so we (americans, at the very least) used to hand out adulthood based on rites of passage. there are many problems our generation is facing that others did not which has led to widespread rejection of more traditional values and diminishment or outright dismissal of a lot of rites of passage. lacking any solid markers of adulthood, we have tried to ascribe it to a variety of merits like self-confidence or financial responsibility and so on. if you don't know what makes an adult, that's fine, neither do i, who cares. we've got bigger problems with our generation than how to rank one another.


That's an interesting point. Traditional adulthood seemed defined by financial independence, moving out and getting your own place, paying for yourself in the world. However from a British perspective, that is extremely unlikely to happen. If you don't go to uni, you go to a low paid job and work your way up the chain, living with your parents until you have enough money to move out, but that may be in your mid-20s until you're fully financially independent. Going to university just could be delaying adulthood even more - you move out sure but to live in this weird bubble of not-quite-adulthood-yet, and most people will have to move back in with their parents after, similar to school leavers. Gaps years and masters contribute even more to this.

With property becoming ever harder to buy, financial gloom, marriage age becoming later, many couples putting off kids until their 30s, and retirement ages being pushed back even later, people are becoming adults less and less, and trying to make the most of being an adolescent before the dull reality of life sets in.

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#32
I don't know what defines an adult, but I think my peers are more grown-up than I am. Having a job and being self-sufficient wouldn't make me feel like an adult, but it would be a huge step in that direction.
#33
A lot of gray area here. I've known kids who were 14 and were more of an adult than some who were 50.

I like to think it's the moment you realize that it's not all about you; that your decisions affect, either negatively or positively, those around you AND your self-awareness of the fact leads you to apply some form ethics to make a decision that benefits those who may depend on you.

The lessons which affect your understanding of right and wrong, as well as the moments we realize people depend on us, are learned at varying ages based on culture, environment, and circumstance. Because most people, counting out extraordinary cases (terminally ill or deceased parents, absent parents, dependent siblings, abusive situations, etc.) are relatively bland when it comes to the culture and environment they use major life events to define adulthood. Things like turning 18, able to drink legally, graduating college, buying a house, having a baby. Unfortunately most of them have zero life-points besides the accolades they've managed to acquire and define themselves with, which is why half the time people who on the surface should have it together don't.

case in point...age isn't anything, and neither is all the stuff you own or the kids you give birth to. If you've learned enough to appreciate it all, that's another story.
#34
Quote by BUZZARD__
A lot of gray area here. I've known kids who were 14 and were more of an adult than some who were 50.

I like to think it's the moment you realize that it's not all about you; that your decisions affect, either negatively or positively, those around you AND your self-awareness of the fact leads you to apply some form ethics to make a decision that benefits those who may depend on you.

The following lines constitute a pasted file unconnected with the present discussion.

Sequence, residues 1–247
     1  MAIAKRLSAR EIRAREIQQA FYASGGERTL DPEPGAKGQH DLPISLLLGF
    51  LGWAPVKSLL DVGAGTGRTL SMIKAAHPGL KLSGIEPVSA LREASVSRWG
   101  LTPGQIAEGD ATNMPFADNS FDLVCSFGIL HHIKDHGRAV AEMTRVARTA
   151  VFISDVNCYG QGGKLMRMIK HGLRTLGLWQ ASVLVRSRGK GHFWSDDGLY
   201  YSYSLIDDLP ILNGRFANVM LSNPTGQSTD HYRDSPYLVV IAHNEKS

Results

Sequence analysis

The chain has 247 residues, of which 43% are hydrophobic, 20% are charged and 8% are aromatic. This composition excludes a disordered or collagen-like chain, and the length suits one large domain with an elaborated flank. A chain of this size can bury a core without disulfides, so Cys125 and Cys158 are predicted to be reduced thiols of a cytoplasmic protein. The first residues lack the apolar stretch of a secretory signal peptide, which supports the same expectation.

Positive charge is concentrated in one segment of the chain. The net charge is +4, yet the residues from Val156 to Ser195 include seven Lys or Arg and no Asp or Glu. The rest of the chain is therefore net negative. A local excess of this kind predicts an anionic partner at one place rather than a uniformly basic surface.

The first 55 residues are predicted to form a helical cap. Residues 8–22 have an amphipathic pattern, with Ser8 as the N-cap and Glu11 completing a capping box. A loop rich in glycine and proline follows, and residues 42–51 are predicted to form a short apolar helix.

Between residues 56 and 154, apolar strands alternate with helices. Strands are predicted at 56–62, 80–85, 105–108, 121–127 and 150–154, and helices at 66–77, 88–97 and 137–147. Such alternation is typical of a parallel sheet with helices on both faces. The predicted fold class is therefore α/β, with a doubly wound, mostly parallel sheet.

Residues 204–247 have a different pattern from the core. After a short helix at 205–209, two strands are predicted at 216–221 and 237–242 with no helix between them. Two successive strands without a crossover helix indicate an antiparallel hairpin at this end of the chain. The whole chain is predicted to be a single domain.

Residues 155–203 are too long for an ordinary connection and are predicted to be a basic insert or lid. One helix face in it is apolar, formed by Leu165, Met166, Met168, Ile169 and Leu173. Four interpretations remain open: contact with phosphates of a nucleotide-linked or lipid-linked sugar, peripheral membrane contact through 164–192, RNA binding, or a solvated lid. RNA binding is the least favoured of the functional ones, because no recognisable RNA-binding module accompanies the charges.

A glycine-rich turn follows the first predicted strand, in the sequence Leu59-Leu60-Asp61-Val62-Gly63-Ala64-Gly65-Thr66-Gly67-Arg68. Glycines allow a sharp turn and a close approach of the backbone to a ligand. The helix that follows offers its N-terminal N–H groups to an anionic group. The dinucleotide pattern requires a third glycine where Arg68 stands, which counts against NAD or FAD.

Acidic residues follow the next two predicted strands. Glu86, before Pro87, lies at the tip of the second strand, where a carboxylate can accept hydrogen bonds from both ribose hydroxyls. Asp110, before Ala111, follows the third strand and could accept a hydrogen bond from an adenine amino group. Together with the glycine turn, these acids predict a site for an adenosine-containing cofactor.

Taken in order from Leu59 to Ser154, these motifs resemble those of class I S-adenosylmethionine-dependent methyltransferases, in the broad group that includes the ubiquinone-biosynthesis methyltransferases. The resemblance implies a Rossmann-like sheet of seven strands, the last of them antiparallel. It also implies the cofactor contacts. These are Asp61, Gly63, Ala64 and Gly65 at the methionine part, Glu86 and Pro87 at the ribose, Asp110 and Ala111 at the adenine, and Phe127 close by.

Is it not just learning to accept responsibility? What if you've got no dependents at all. Surely it is taking responsibility for your own actions and learning to accept the consequences. Eating chocolate buttons for breakfast every day isn't considered a particularly adult thing to do, so taking that responsibility of freedom and using it in an adult way, and having a sensible, healthy breakfast could be the act of being an adult.

Same with other things, like using your money from a job to save for the future, and buy needed things, or having the freedom to stay up late binge watching a TV series, but actually getting a good 8 hours sleep a night because you know it will benefit your day tomorrow.

longing rusted furnace daybreak seventeen benign nine homecoming one freight car
#35
Well, in terms of education, work and career "maturity" I think I'd be considered an "adult"
But for the rest of my life....nah. Don't even know how the **** to pay taxes or what the **** I would have to do to get a house or pay bills or whatever. Like at times I even feel embarrassed about asking about that kind of stuff lol
Last edited by gonzaw at Dec 22, 2014,
#36
when i was around 12 or 13 years old i started to feel like i had started to become an "adult". i started thinking and making decisions for myself, as well as doing things that kids my age typically don't do. i started playing live with bands, getting paid here and there. I'd also play with dangerous power tools and other stupid things like that. i was pretty full of myself at the time. then around the age of 16 i realized that im still more of a kid than most people of my age group i knew. i realized that there really isn't any defining difference between being a kid or an adult. In fact, it had occurred to me that the "adults" that i respect and love the most still have a very child-like personality about them. so at this point, i just look at biology to determine maturity, and only on a physical level
#37
It happened when financial uncertainty happened.
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#38
Im damn near ancient around this thread but, I'll give my two cents.

I'm 41. Married, I have kids. A house. Yeah man, It's crazy to me too! I cant believe I'm really this old. Dont feel it, for sure. I think thats a good thing, maybe.

Everytime I think I have it together, something is there to remind me no matter how long I'm here, I dont know jack! A large portion of "adults"fake that confidence crap. Most of us are just winging it.
#39
"Realized" I was an adult, I guess, was when I had my first child. Humbling, sudden, awesome sense of responsibility. Scary, actually. Changed my view on everything in ways I never dreamt it could, would.
#40
When people ask me a question in work and I actually know the answer, I feel pretty grown up (Doesn't happen very often mind you). I'm 10/15 years younger than most of the rest of the guys in work so I think that's made me feel even more like a child.....